Will coalition loyalty or proprietary loyalty programs come out on top?
Loyalty Strategy

The Final Round: Coalition Loyalty vs Proprietary Loyalty

Photo by Arisa Chattasa on Unsplash

We stirred up the loyalty nest with our recent articles pitting the two kingdoms of loyalty against each other: coalition loyalty versus proprietary loyalty. Each kingdom’s clans quickly rose to defend their beliefs, and opinions ranged from the assertion that the traditional coalition loyalty model is dead to proprietary loyalty being too risky, while lacking in benefits.

No matter what side you’re on, we found the most practical assessment to be the one expressed by John Bartold, Co-Founder PIVOTL cx, “Different businesses have different needs, requirements and goals. Matching the right approach to the needs is where success lies.” As the old saying goes, your mileage [customer loyalty] may vary.

The array of comments we catalogued was large, and we have curated the most interesting here.

Let the debate rage on!

Australian loyalty market perspective

Phil Hawkins, Chief Operations Officer, FlyBuys Australia:

“Reflecting on some of the commentary on Australian-based programs — the alleged dominance by frequent flyer programs operated by individual airlines isn’t backed up when Australians are asked which programs are their favorites. In the last annual survey by The Point of Loyalty, Australian frequent flyer programs ranked 3rd and 5th on the list, well behind FlyBuys and Everyday Rewards.

FlyBuys is owned by two large retail groups, Wesfarmers and Coles Group, and retains its core coalition structure with 23 partners. The program has consistently ranked as Australia’s most popular loyalty program in the annual surveys conducted by The Point of Loyalty.”

A new coalition program in Colombia is learning

Alejandro Gonzalez, CEO, Puntos Colombia:

“There is a mention on the new players which are offering different value propositions and emerging partner models. I run Puntos Colombia, a coalition loyalty program based in Colombia. The program is 2.5 years old and is a true coalition model founded by the largest retailer and the largest bank in the country.

The main concept is to provide value in everyday life for members. We are leaning and evolving — and take these excellent points of view into consideration. If you are interested, you can visit our website to learn more.”

How you value customer data influences the decision of model choice

Christian Hausammann, Managing Director Europe, SNIPP!:

“People get more sensitive about their data and loyalty is an exchange of data against benefits.
So coalition by itself gets a bit scary for a lot of consumers. For the consumer, proprietary may at first glance offer less value, but offers more control, more engagement, more real loyalty, and often even more and better benefits from the one loved retailer.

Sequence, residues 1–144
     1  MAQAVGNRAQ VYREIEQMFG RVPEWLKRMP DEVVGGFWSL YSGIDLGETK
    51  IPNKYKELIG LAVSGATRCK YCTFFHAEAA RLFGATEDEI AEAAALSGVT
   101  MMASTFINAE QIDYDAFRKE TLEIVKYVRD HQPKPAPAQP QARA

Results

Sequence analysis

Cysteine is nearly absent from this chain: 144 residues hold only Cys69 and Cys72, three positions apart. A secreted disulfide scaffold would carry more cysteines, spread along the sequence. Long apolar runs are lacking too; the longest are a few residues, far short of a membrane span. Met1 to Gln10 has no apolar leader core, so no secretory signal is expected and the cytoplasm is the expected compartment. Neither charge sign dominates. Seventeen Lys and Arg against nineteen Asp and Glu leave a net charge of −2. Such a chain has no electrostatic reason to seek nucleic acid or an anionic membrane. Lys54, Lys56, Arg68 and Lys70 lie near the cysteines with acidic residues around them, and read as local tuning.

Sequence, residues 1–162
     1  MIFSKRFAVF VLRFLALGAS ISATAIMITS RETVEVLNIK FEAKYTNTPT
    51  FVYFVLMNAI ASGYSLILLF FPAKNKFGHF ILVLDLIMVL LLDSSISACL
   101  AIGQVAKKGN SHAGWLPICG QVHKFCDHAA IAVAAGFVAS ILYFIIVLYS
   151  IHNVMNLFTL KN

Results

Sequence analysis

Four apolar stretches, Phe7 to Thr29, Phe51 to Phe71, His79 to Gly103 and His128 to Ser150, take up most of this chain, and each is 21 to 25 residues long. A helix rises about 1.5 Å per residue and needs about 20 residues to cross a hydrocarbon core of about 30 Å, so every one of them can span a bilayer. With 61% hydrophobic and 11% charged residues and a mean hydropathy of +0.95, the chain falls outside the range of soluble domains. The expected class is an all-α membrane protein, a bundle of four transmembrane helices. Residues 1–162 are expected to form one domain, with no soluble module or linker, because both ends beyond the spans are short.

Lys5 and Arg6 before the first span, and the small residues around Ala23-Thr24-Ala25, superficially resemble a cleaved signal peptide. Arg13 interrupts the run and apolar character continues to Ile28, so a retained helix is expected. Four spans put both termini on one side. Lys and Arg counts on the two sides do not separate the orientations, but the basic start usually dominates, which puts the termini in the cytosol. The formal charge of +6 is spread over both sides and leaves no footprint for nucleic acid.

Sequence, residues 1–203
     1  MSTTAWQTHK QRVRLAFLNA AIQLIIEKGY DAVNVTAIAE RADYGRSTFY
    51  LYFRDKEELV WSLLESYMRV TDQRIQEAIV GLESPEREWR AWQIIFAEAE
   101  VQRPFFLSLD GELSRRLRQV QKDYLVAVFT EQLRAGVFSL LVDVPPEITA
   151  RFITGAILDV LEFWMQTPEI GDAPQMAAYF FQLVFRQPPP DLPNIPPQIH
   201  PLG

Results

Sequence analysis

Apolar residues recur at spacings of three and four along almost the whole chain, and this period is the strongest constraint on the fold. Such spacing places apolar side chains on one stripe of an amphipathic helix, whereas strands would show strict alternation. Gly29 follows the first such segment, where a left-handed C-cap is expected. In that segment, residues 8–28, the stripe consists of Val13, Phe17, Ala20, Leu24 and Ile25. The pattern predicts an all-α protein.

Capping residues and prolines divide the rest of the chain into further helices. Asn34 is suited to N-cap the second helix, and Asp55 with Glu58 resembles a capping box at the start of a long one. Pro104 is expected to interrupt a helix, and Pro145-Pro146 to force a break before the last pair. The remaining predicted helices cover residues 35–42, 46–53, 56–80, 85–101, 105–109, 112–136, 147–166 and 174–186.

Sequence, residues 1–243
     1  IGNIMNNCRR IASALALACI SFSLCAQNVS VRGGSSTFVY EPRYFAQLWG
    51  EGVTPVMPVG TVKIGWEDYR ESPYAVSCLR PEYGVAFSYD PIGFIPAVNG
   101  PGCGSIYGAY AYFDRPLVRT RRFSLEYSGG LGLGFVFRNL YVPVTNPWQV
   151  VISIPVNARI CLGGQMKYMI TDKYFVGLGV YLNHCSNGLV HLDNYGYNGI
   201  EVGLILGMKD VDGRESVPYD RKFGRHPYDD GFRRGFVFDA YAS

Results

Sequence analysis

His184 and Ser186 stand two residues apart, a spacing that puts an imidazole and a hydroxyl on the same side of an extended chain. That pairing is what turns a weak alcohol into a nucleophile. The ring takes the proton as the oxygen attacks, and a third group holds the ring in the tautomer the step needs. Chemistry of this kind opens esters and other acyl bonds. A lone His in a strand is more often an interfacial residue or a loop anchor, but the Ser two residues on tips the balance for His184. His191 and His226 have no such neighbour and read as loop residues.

For a retailer, proprietary is more demanding, but it gives a lot more control and the chance to make the loyalty program the backbone of the multi-channel strategy. Lastly regarding coalition payment networks, payment is already a pure commodity and banks are losing more and more trust and customer relationships, so I don’t see coalition developing in this area.”

Measure your tolerance for financial liability

John Bartold, Co-Founder, PIVOTL cx:

“Selecting coalition versus proprietary is more a business model or operating model question, and today you add the conversation about loyalty platforms or ecosystems. All the models can deliver a loyalty value proposition to consumers, through primary model elements of technology, data ownership/access, brand relationship and liability.

After looking at the other articles and comments, a piece I feel missing is the other ‘L’ in loyalty, ‘Liability’. Liability has always been a challenging discussion with brands. Coalitions offer a liability solution for brands as coalition operators typically hold the liability rather than the brand. For brands in low margin categories or emerging markets, the benefit of the coalition carrying the liability is attractive.  

Today, various industry sectors have found ways to manage liability or provide a loyalty value proposition without accruing liability even though the approach used diminishes the customer value proposition. Brands are once again realizing the value of the data, especially in an environment where data is not as readily accessible as privacy concerns grow. So, even where liability remains for a brand, the balancing factor is the data.

In the end, coalition models shouldn’t be ignored. Different businesses have different needs, requirements and goals. Matching the right approach to the needs is where success lies.”

The Final Round: Coalition Loyalty vs Proprietary Loyalty
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